Blogs by Jim Swilley

See and Say (Repost)

Posted on 7+000025. Filed under: 20/20 Vision: Changing Your Life by Changing the Way You See Things, Bishop Jim Earl Swilley, Blogs by Jim Swilley, Books by Bishop Jim Swilley, perception is reality, philosophy of life, Positive Affirmations, vision | Tags: , , , , , , , , , , , , , |

Moses’ twelve spies were commissioned to see something and to say something – to translate the visual into the verbal, so that the others waiting back at the camp could unify themselves around a collective vision. This principle of seeing and saying is something that you practice on a regular basis, either intentionally or unintentionally, and it can be your best friend or your worst enemy, depending on how you use it. The combination of positive visualization and verbalization in your life can be a powerfully transformative force, if you are consistent in your practical application of it. You are what you see that you are. You are what you say that you are.

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My thinking today will cause me to be at total peace with myself. (Repost)

Posted on 3+000022. Filed under: 20/20 Vision: Changing Your Life by Changing the Way You See Things, Bishop Jim Earl Swilley, Blogs by Jim Swilley, Books by Bishop Jim Swilley, Emotional healing, Jim Earl Swilley, perception is reality, philosophy of life, Positive Affirmations, Self-esteem, self-image, Stress | Tags: , , , , , , , , , , , , , , , , , |

 

 

If you want to live in the kind of peace that prevents you from developing a stomach ulcer or hypertension – the peace that allows you to really sleep well at night – you must learn how to properly see yourself. Developing the proper self-image includes learning to forgive yourself and making a quality decision to stop blaming yourself and mentally beating yourself up for your mistakes and perceived failures. If you constantly bombard your spirit with negative thoughts of regret and self-accusation, those thoughts will eventually mutate into a kind of self-loathing that is completely counterproductive to your having any real degree of success in your life.

 

 

Low self-esteem is a learned habit that is usually developed by believing in lies and falsehoods. Insecurity and feelings of inferiority are also merit-less mindsets that people acquire and cultivate throughout the course of their lives. The fear of rejection is the result of learned behavior, as well. But the good news is that any learned behavior can be unlearned! When you know who you are, you don’t have to waste time trying to prove to somebody else that you are valuable or talented. You can believe in yourself while being fully aware and accepting of your own limitations.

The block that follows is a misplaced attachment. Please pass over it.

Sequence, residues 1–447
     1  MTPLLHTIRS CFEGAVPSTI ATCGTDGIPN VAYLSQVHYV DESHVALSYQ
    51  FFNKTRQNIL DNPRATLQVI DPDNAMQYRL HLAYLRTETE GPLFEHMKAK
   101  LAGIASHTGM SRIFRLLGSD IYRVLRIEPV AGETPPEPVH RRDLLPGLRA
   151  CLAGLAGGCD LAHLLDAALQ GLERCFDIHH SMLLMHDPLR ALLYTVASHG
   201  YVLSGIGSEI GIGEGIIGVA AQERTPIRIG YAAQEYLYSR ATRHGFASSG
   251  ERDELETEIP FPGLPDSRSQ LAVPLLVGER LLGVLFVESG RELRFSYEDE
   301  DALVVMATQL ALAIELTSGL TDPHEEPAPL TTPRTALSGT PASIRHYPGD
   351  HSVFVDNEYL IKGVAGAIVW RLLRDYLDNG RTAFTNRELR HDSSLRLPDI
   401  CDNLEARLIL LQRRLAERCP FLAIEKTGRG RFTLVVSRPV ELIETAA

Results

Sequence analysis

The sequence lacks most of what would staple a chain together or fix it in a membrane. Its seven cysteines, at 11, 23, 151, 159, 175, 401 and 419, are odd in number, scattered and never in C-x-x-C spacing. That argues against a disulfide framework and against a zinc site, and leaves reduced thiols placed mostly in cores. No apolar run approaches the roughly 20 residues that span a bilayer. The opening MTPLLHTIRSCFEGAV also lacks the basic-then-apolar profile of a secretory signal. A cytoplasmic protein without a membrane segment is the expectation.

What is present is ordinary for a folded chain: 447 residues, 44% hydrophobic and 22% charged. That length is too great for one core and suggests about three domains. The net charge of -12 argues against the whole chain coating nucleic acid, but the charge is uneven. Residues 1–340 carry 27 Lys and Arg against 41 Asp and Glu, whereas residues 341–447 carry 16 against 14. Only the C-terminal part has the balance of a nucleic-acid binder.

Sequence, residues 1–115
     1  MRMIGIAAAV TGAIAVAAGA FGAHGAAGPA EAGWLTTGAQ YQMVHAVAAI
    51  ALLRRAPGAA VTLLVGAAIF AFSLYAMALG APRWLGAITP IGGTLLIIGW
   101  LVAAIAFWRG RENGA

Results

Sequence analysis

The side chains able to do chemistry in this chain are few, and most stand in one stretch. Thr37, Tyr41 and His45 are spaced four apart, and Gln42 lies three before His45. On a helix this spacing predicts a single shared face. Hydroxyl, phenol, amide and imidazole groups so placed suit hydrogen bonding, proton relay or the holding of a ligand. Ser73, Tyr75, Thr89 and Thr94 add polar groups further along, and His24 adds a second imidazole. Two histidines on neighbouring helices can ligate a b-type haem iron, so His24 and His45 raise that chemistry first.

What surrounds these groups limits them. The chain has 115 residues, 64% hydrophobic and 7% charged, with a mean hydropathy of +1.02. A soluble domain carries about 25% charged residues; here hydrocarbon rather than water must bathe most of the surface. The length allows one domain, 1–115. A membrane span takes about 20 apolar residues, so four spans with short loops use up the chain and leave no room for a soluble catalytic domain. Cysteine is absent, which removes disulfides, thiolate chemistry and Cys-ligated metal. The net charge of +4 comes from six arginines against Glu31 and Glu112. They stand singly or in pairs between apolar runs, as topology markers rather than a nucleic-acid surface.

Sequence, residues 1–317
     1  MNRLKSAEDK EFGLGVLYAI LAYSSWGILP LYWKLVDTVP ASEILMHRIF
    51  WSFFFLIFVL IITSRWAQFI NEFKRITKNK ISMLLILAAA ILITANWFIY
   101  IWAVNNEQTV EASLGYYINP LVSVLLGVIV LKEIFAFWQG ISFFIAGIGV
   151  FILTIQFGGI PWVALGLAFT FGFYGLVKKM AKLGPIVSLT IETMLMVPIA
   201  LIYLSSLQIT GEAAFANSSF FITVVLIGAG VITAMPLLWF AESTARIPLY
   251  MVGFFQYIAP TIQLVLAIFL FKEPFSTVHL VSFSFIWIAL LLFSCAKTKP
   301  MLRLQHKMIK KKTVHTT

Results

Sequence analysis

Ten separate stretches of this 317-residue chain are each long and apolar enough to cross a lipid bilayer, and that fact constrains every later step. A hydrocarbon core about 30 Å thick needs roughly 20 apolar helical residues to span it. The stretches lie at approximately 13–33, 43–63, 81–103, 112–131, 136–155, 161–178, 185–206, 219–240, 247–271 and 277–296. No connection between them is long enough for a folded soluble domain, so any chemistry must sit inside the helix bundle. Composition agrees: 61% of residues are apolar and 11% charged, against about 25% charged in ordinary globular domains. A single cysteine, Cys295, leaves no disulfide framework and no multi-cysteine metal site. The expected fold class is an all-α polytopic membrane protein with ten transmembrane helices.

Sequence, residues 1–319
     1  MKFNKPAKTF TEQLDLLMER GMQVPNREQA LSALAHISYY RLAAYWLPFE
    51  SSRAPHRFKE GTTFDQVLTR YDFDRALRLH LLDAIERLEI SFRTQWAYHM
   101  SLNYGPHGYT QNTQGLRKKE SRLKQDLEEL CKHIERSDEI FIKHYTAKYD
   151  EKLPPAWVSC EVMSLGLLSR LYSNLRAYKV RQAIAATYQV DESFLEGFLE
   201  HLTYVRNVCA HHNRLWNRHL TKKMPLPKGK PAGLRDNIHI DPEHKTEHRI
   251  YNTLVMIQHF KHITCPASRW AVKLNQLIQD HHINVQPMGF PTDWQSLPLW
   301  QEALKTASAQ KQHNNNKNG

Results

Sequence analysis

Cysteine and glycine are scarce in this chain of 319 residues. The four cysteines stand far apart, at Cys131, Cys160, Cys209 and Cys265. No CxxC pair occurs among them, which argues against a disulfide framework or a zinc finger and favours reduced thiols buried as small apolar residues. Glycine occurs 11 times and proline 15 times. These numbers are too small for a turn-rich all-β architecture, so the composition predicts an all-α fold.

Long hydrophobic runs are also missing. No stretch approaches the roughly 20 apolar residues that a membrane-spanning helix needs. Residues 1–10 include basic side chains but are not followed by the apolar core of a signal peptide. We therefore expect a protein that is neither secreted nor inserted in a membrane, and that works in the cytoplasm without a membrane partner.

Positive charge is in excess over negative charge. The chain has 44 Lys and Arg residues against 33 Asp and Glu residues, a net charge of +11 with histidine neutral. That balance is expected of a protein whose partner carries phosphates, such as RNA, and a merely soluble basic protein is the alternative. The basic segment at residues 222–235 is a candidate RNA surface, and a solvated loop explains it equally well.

no stressBeing at peace with yourself comes from a balanced estimate of your self. The more that you are at peace with yourself, the less stress you will have in your life. Guard your heart and never let someone else’s negative words decide the direction of your life. No one should have more power over you than you, and you can determine your own stress level and how much pressure you will allow yourself to feel in a day. If you want peace, you can have peace. You are in the driver’s seat, so determine where you want to go, emotionally, and don’t waver from your intended course. Get a vision of a more confident, more centered you, and become that person.

 

 

peace_mindNo matter what has happened to you in the past, you can get it together if you want to. Being at peace with oneself is something that should be aspired to, treasured and protected. Your peace is stronger than your fluctuating moods or temporary thoughts of discouragement. Being at peace will positively affect your health and could even lengthen your life in the long run. It certainly will make you easier to live with and will condition you to have better relationships and live a more successful life. When your mind is at peace, you see things more clearly and with better perspective; you are less likely to become overwhelmed by your circumstances. You can change your life by changing the way you see things.

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Today I will not be distracted by worrying about things that might not ever happen.

Posted on 2+000016. Filed under: 20/20 Vision: Changing Your Life by Changing the Way You See Things, Bishop Jim Earl Swilley, Blogs by Jim Swilley, Books by Bishop Jim Swilley, Emotional healing, Jim Earl Swilley, Overcoming worry, perception is reality, Stress | Tags: , , , , , , , , , |

worried-manWorry is a pointless and futile exercise that causes the person who engages in it to give way to anxiety and feelings of uneasiness, apprehension and fearful concern.  It is a learned behavior that is basically just meditation on what is negative, or what could potentially be perceived as negative or destructive, and it causes an individual to unnecessarily trouble his/her own mind and spirit.  It can also cause that person to inflict certain things on his/her physical body that can manifest as  dis-ease, better known as disease and, in the long run, worry unchecked can become a slow and miserable kind of suicide.  There are people who literally worry themselves to death.